Standards, Testing, & Accountability

 

High Stakes Accountability coverIn her new book, Kathryn A. McDermott of the
University of Massachusetts tackles the complicated theory and history of
educational accountability. According to McDermott, our increasingly
centralized system has been shaped by the push for educational equality, going
back to desegregation and continuing with performance-based accountability
today. To make her case, McDermott showcases the rise of accountability
structures in Connecticut, Massachusetts, and New
Jersey, and the growth in federal involvement. Perhaps most interesting are the
lessons McDermott draws from these case studies—relevant to other public-policy
sectors as well. Notably, to design a smart accountability system, policymakers
must first ensure that they have the capacity to operate it. Else accountability
creates perverse incentives (like cheating on high-stakes testing). As federal policymakers
contemplate handing
accountability back to the states
, it will be smart to remember whence and
why our current model originated. This book shines a light onto that past.

Kathryn A. McDermott, High-Stakes
Reform: The Politics of Educational Accountability
(Georgetown
University Press, Washington, D.C., 2011).

Categories: 

This Fordham Institute publication—co-authored by President Chester E. Finn Jr. and VP Michael J. Petrilli—pushes folks to think about what comes next in the journey to common education standards and tests. Most states have adopted the “Common Core” English language arts and math standards, and most are also working on common assessments. But…now what? The standards won’t implement themselves, but unless they are adopted in the classroom, nothing much will change. What implementation tasks are most urgent? What should be done across state lines? What should be left to individual states, districts, and private markets? Perhaps most perplexing, who will govern and “own” these standards and tests ten or twenty years from now?

Finn and Petrilli probe these issues in “Now What?” After collecting feedback on some tough questions from two-dozen education leaders (e.g. Jeb Bush, David Driscoll, Rod Paige, Andy Rotherham, Eric Smith), they frame three possible models for governing this implementation process. In the end, as you’ll see, they recommend a step-by-step approach to coordinate implementation of the Common Core. Read on to find out more.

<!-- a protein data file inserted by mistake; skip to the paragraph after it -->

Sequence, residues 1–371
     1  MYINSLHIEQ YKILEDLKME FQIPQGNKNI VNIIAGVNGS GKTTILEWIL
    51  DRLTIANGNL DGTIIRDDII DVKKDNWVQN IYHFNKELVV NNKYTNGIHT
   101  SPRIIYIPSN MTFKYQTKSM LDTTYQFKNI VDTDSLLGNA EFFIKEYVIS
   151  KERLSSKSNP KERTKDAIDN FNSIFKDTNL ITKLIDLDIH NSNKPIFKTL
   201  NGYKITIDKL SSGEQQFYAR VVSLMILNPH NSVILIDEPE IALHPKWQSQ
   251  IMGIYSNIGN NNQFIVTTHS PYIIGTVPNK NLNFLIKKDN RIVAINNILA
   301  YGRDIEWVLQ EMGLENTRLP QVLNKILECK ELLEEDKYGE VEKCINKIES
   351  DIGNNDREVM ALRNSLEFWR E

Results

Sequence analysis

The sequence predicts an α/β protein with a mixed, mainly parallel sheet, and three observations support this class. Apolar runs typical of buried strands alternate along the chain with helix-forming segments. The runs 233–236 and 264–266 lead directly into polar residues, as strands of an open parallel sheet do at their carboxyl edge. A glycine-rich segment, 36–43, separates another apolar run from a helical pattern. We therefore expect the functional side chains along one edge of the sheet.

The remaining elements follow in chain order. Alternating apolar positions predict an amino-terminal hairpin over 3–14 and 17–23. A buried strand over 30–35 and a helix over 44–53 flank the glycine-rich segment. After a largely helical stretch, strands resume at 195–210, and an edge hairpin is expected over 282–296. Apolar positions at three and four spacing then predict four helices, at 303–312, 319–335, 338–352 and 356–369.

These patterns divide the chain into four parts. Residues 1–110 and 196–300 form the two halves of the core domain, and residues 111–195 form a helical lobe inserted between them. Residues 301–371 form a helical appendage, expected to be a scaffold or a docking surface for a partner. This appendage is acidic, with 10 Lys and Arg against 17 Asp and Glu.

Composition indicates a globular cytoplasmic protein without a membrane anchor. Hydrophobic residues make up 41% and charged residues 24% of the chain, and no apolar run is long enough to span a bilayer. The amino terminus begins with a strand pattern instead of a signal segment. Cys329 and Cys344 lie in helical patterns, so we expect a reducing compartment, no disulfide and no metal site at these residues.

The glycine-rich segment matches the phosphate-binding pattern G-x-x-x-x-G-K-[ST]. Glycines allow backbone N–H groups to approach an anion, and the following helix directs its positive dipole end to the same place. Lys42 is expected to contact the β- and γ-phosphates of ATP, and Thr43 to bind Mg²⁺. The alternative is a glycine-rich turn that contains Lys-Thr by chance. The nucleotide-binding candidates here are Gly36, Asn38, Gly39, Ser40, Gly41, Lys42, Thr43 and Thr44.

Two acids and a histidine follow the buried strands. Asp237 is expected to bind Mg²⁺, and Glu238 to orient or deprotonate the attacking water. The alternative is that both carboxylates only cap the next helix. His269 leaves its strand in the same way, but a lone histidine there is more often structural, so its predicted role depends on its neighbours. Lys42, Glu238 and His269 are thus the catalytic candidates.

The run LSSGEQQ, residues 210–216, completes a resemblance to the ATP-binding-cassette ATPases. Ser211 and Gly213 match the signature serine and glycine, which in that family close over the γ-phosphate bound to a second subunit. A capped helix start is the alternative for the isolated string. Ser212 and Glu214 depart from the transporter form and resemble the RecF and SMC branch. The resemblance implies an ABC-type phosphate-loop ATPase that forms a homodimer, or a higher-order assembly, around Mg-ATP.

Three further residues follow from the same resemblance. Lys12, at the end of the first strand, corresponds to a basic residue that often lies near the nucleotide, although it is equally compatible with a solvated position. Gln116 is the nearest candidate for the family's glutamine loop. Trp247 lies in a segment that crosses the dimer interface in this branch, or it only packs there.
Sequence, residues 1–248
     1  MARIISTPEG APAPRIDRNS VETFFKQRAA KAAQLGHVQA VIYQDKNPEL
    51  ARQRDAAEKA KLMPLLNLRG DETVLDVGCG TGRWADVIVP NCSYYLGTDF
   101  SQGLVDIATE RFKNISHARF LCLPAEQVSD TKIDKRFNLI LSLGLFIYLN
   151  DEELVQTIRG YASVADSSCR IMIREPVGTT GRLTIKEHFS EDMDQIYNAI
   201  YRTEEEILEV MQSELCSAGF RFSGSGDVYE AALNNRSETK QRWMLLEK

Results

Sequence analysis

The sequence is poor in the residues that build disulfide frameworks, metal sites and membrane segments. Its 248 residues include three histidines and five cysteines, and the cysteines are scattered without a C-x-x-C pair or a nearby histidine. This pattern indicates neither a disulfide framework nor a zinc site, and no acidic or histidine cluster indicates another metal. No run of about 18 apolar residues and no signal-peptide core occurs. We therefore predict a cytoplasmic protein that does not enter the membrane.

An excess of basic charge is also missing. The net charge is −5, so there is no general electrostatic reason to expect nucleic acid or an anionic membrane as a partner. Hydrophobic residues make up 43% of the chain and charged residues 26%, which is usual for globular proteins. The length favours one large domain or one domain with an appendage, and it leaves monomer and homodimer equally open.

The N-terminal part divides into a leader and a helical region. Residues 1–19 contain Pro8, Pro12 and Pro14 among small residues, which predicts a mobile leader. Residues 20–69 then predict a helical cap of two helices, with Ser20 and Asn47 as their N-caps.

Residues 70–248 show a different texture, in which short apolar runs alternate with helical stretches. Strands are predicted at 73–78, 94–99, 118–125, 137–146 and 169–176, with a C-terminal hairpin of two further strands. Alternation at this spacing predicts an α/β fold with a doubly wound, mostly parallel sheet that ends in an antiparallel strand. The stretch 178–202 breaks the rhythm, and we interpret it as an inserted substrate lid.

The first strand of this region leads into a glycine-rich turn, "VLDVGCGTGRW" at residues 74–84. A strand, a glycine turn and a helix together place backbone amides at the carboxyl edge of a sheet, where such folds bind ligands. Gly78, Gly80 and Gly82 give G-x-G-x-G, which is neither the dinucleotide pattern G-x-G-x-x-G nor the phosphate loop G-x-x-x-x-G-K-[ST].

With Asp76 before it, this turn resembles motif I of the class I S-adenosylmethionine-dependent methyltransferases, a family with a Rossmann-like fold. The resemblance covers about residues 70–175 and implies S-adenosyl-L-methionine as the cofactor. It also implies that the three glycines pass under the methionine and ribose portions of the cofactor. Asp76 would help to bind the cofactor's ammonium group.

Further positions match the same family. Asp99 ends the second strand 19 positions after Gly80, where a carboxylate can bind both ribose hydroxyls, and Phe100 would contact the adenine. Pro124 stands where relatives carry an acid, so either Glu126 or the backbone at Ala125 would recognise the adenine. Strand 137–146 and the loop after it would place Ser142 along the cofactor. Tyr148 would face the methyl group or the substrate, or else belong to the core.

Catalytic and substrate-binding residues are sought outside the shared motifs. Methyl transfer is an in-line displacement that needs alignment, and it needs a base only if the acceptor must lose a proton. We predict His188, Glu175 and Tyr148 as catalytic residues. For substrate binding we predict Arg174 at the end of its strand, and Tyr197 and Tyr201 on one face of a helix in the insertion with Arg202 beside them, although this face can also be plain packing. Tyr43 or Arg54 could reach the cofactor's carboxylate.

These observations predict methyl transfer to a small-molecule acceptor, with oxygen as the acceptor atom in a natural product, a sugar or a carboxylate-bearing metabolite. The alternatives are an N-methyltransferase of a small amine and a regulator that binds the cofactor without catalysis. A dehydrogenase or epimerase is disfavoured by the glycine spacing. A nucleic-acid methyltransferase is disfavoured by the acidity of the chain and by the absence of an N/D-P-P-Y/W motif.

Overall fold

Responses from several of our contributors:

It's official: Federal policymakers across the political spectrum are finally willing to admit that Congress overreached when it passed No Child Left Behind and put Uncle Sam in the driver's seat on education accountability. First there was (Republican) Senator Lamar Alexander's proposal to get the feds out of the business entirely, save for requirements around the worst five percent of schools. Then there was (Democratic) President Obama's waiver package, which allows states to make a pitch for their own approach to accountability. And, this week, there's the (bipartisan) Harkin-Enzi bill, authored by the chairman and ranking member (respectively) of the Senate education committee, which, well, it's hard to tell exactly what it does, but it surely reduces the federal footprint around accountability. (Try making sense of the convoluted bill yourself. And quick?the mark-up is next week.)

[pullquote]Could we be watching the beginning of the end for the accountability movement in toto?[/pullquote]

But if the debate around the federal role in accountability is coalescing, a much bigger question remains wide open: Could we be watching the beginning of the end for the accountability movement in toto?

One harbinger might be California Governor Jerry Brown's veto of a bill to tweak his state's accountability system by adding ?multiple-measures? to a test-score laden index. Brown's complaint wasn't the multiple measures per se, but the notion of data-based accountability writ large. ?Adding more speedometers to a broken car,? he wrote, ?won't turn it into a high-performance...

Categories: 

Representatives from twenty states are hard at work developing Next Generation Science Standards—and using as their starting point the National Research Council’s recently released Framework for K-12 Science Education. This review of that framework, by Paul R. Gross, applauds its content but warns that it could wind up sending standards-writers off track. This appraisal finds much to praise in the Framework but also raises important concerns about a document that may significantly shape K-12 science education in the U.S. for years to come.

Pages